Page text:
Air Travel Organisers' Licensing

From Wikipedia, the free encyclopedia
Jump to navigation Jump to search

Air Travel Organisers' Licensing (ATOL) is a United Kingdom Civil Aviation Authority (CAA) scheme to give financial protection to people who have purchased package holidays and flights from a member tour operator.

Corporate function[edit]

The majority of UK tour operators are required to hold an ATOL licence, without which they may not legally sell air travel. ATOL-licensed firms will have had their business practices inspected by the CAA. An ATOL licensed tour operator must also obtain insurance bonds from the CAA. The aim of this is to provide refunds to travellers affected by any event which causes the airline to be unable to provide travel for its customers, and to arrange for flights (in addition to accommodation and other items which may be included in a package holiday) to return home those already abroad at the time.


In the 1960s, voluntary organisations such as the Association of British Travel Agents (ABTA) provided a degree of financial protection for air travellers. In 1970, the Federation of Tour Operators (FTO) (then the Tour Operators Study Group) introduced a bonding scheme whereby their members had to obtain bonds to the value of 5% of their annual turnover. In 1972, ABTA followed suit.

Legal requirement[edit]

The Civil Aviation Act 1971 established the CAA. Covered under this act was the creation of the original ATOL Regulations. These mandated that all tour operators whose primary mode of transport was by air (but not airlines themselves), must hold an ATOL licence. These regulations came into effect in 1973.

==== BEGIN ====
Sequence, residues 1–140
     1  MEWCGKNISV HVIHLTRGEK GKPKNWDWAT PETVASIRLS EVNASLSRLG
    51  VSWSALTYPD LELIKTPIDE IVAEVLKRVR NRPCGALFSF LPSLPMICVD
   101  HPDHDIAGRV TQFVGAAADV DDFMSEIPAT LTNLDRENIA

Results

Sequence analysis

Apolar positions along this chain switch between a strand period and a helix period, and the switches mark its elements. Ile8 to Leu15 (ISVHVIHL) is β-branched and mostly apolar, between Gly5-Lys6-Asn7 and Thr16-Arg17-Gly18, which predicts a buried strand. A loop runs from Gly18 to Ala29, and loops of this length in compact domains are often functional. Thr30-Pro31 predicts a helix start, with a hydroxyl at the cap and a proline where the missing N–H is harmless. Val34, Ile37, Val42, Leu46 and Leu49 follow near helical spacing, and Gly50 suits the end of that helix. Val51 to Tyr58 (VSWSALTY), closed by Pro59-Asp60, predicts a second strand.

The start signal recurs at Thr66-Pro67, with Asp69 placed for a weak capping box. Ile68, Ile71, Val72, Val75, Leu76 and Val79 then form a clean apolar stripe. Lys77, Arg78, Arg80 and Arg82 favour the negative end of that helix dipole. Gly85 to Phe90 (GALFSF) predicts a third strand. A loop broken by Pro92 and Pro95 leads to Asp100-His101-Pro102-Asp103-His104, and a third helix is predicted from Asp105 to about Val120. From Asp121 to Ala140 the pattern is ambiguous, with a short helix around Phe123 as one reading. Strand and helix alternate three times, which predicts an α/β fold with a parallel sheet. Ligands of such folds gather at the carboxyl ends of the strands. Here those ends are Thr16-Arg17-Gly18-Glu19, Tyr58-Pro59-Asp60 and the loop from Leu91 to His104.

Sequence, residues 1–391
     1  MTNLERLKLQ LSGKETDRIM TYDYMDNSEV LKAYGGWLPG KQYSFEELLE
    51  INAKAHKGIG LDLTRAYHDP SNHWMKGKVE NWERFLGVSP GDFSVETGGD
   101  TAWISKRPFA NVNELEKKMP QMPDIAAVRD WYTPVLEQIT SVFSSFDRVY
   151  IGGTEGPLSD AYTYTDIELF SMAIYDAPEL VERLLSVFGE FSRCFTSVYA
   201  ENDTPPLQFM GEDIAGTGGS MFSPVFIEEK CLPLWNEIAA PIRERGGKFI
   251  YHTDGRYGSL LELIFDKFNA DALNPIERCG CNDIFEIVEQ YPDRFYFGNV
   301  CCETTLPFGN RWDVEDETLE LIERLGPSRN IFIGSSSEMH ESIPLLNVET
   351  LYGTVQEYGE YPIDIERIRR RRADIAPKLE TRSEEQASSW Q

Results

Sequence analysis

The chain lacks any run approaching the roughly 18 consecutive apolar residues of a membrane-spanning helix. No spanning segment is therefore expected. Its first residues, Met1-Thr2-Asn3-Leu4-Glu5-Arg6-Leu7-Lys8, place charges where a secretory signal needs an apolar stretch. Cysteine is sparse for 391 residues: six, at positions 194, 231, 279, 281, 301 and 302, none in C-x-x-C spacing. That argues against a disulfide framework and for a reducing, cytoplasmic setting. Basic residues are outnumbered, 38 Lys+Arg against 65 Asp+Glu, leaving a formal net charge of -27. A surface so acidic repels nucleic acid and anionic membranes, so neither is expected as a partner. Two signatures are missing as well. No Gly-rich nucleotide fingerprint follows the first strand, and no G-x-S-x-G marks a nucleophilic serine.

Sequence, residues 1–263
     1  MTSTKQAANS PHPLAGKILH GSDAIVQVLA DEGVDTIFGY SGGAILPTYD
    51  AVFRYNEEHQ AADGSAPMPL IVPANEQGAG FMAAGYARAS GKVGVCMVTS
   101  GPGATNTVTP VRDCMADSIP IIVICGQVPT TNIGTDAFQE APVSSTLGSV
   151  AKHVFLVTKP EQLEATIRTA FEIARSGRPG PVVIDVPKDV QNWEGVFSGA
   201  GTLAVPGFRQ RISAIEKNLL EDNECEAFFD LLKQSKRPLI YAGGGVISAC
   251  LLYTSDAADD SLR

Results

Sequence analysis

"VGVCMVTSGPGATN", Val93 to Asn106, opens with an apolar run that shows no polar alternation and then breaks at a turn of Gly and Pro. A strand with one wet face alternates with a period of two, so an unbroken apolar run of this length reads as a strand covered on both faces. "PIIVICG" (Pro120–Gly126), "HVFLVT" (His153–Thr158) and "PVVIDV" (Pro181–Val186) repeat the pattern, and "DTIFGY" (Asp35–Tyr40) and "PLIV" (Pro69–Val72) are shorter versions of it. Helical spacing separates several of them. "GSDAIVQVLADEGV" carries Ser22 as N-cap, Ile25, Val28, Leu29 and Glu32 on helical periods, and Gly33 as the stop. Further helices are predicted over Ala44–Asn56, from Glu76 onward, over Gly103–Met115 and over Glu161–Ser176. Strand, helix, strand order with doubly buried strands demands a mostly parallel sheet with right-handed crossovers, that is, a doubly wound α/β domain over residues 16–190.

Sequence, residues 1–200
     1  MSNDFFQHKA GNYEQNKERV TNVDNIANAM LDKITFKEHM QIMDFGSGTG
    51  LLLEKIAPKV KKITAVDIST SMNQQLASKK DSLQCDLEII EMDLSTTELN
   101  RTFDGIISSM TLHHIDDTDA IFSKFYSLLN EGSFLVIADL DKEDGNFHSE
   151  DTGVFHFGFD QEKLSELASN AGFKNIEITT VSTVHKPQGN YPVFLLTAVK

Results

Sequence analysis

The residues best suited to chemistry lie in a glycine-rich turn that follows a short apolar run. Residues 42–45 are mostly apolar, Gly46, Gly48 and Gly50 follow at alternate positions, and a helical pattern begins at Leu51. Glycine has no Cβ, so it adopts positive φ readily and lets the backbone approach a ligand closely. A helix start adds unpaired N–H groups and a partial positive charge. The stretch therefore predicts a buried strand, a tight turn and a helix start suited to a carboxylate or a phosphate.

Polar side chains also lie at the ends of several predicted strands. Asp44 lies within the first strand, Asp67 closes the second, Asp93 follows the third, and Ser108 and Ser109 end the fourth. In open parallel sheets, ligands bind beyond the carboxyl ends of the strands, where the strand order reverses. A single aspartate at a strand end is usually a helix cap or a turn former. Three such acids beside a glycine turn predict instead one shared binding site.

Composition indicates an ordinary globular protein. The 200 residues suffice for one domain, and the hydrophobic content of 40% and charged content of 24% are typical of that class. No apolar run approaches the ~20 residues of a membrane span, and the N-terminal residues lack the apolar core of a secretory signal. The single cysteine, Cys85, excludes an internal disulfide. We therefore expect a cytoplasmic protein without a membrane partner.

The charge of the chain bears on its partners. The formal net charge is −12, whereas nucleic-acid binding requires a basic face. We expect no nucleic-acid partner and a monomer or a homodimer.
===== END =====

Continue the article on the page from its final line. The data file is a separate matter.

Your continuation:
Early practice[edit]

On 15 August 1974, the Court Line group collapsed. It was the second largest tour operator at the time and its subsidiaries included Clarksons Holidays, Horizon, and Medvillas. Clarksons Holidays held an ATOL licence and was therefore theoretically covered by its insurance bond.

Although the 35,000 customers stranded abroad were successfully repatriated under the scheme, there were insufficient funds for the 100,000 people whose holidays had been paid for in advance. This was a blow to consumer confidence and led to considerable media attention.[1] A government fund called the Air Travel Trust has since been introduced to pay for any excess which is not covered by ATOL.

Collapse of Thomas Cook[edit]

On 23 September 2019 Thomas Cook went into compulsory liquidation, sparking the largest peacetime repatriation in the UK's history. With Thomas Cook being ATOL-protected, the Civil Aviation Authority set about repatriating more than 150,000 British holidaymakers.[2]


  1. ^ Civil Aviation Authority History of ATOL Archived 2006-10-20 at the Wayback Machine
  2. ^ "Thomas Cook collapses as rescue talks fail". BBC News. 23 September 2019.

External links[edit]